Empathy requires information and time to listen. Another good strategy to gain information about a particular stakeholder group’s perspective is to set up advisory councils. As a superintendent, I had parent, student and staff advisory councils that met four to five times per year. The first meeting of the year was always without a specific agenda so that I could gather general information about how they experience school and our system. The meeting was organized in terms of three general questions:

  • What is going well?
  • What could be going better?
  • What questions or issues would you like to see addressed at our future meetings.

The final question always brought great ideas for future agenda items.


It can be difficult to set up student advisory councils at the district level. Students identify with a school rather than a school district. As a superintendent, I asked principals to set up school based student advisory councils that I attended. These councils included a wide variety of students from every social group rather than relying on a leadership class or student council. The idea was to get many perspectives rather than the student voice most often heard. As a superintendent, participating in student advisory councils allowed me to understand trends and patterns of thought across the district as well as issues specific to one particular school. I then shared then shared these trends and patterns with the district senior leadership team as well as the school board.


Although there are many different strategies to develop a pattern of deliberate empathy, the most important strategy is to be reflective and thoughtful of how others feel about their schools and the district. Empathy takes time but it may be the best time a leader spends and can drive the pace of innovation and change. Modeling empathy can also move others toward more empathy for our positions as leaders as well. What other strategies do you have to increase empathy within your organization? I would love to hear from others on this topic.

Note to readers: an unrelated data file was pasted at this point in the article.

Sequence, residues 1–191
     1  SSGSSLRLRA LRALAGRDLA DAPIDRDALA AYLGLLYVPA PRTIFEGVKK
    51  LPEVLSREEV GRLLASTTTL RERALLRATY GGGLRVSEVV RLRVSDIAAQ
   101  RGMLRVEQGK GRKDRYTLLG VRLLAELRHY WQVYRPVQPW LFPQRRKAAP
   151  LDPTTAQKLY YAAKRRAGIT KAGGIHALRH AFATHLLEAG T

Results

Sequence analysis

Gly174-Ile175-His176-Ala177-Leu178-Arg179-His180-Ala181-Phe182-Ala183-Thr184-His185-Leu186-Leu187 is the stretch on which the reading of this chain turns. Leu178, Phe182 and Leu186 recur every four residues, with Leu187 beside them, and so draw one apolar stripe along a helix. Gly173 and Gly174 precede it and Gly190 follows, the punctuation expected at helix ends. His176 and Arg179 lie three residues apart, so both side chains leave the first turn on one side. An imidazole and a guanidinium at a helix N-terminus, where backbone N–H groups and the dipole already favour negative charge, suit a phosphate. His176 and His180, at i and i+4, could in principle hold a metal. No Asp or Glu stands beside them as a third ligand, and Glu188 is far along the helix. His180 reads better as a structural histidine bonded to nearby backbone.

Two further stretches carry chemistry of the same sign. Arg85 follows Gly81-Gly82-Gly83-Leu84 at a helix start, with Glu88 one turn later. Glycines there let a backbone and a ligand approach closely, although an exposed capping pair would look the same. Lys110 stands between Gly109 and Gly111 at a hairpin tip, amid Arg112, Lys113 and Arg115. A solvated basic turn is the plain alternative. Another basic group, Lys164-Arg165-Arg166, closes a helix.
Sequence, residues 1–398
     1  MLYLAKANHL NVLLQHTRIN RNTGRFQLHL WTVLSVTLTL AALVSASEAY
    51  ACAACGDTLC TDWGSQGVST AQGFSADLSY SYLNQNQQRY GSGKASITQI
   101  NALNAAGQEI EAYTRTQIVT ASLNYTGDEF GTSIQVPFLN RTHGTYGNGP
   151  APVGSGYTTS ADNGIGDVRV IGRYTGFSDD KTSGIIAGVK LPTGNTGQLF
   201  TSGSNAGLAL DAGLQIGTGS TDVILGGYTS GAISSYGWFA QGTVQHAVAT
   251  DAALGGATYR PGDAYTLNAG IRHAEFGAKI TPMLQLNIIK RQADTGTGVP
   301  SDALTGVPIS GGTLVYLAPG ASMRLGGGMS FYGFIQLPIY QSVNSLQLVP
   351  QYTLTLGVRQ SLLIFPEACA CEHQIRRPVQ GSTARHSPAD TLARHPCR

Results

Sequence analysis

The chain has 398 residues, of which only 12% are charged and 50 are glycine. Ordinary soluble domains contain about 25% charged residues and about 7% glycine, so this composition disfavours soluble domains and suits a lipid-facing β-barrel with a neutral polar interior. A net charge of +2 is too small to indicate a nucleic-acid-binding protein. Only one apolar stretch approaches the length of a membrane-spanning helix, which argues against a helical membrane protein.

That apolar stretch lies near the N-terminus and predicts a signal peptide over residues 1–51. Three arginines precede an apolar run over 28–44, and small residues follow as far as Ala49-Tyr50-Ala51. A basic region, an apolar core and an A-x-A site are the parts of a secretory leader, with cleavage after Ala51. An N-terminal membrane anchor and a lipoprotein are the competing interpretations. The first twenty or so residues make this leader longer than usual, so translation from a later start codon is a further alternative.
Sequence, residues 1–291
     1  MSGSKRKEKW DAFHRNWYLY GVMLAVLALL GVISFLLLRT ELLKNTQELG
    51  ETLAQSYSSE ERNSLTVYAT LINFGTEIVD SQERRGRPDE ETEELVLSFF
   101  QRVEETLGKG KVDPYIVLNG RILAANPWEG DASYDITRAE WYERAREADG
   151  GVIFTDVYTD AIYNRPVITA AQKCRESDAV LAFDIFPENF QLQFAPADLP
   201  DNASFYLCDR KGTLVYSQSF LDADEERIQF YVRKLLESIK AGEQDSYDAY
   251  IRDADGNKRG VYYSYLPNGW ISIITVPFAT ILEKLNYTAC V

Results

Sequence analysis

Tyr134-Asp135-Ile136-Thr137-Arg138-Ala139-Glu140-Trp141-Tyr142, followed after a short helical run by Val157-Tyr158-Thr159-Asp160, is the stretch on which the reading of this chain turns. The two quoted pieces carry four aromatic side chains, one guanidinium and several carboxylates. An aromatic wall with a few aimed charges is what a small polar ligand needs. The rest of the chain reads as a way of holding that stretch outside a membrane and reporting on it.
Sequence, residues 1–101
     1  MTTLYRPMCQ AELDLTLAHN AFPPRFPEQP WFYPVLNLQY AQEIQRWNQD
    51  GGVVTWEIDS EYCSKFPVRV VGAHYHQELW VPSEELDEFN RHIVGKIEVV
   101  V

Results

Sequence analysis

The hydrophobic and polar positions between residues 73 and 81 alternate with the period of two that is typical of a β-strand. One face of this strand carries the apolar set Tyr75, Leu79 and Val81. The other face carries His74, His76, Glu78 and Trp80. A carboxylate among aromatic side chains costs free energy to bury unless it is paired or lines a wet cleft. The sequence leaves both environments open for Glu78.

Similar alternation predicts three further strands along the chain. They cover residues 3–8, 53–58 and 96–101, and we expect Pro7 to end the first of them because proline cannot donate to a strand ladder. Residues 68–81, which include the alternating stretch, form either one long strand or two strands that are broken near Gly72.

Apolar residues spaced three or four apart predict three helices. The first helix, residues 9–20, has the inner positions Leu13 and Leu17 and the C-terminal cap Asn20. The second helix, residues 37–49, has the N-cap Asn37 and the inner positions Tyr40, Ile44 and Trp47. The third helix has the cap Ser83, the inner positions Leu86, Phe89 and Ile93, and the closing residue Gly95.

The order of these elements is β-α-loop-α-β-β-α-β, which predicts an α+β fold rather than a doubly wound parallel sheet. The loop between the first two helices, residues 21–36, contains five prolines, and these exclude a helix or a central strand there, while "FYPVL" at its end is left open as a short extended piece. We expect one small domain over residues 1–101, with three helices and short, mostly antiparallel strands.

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Effective School Board Communicate a Common Vision

Shared By Laurie Kimbrel   /     Feb 27, 2016  /     Blog, Laurie Kimbrel, Laurie Kimbrel Superintendent, Laurie Kimbrel Tamalpais, Uncategorized  /     Comments Off on Effective School Board Communicate a Common Vision

by Laurie Kimbrel

An effective school board collectively understands that their communication sets the tone for communication and culture in the district and community. The board members are the elected educational leaders in the community and therefore, others take their cues from the board. Once a school board has determined that they share a common vision, also known as unity of purpose, their job is to communicate that vision articulately and with consistency. Even if the vision statement is a few sentences and has a locally appropriate tone, it should boil down to the absolute fact that schools exist to cause learning for students. Schools do not exist for the comfort or convenience of adults and therefore, a good statement of vision or purpose is student centered.


Problems occur when a rogue board member or two agree with the vision or purpose statement in a meeting of the board but then contradict it during subsequent small group or individual conversations. This obviously causes division among the board because these types of contradictions almost always make it back to the larger group, often through the superintendent. It is appropriate, and healthy to debate how we will achieve our purpose, but it creates or contributes to a toxic culture when board members disagree with the purpose of the organization to which they previously publically agreed.


When individual board members publicly contradict the board’s stated purpose, it is the role of the board president to gently remind the member that he or she agreed to the stated purpose, and many cases, signed off on the stated purpose, in a public meeting of the board. Most often, board members are well-intentioned and good- hearted individuals who don’t understand the problems with these types of statements or even that they made such a statement.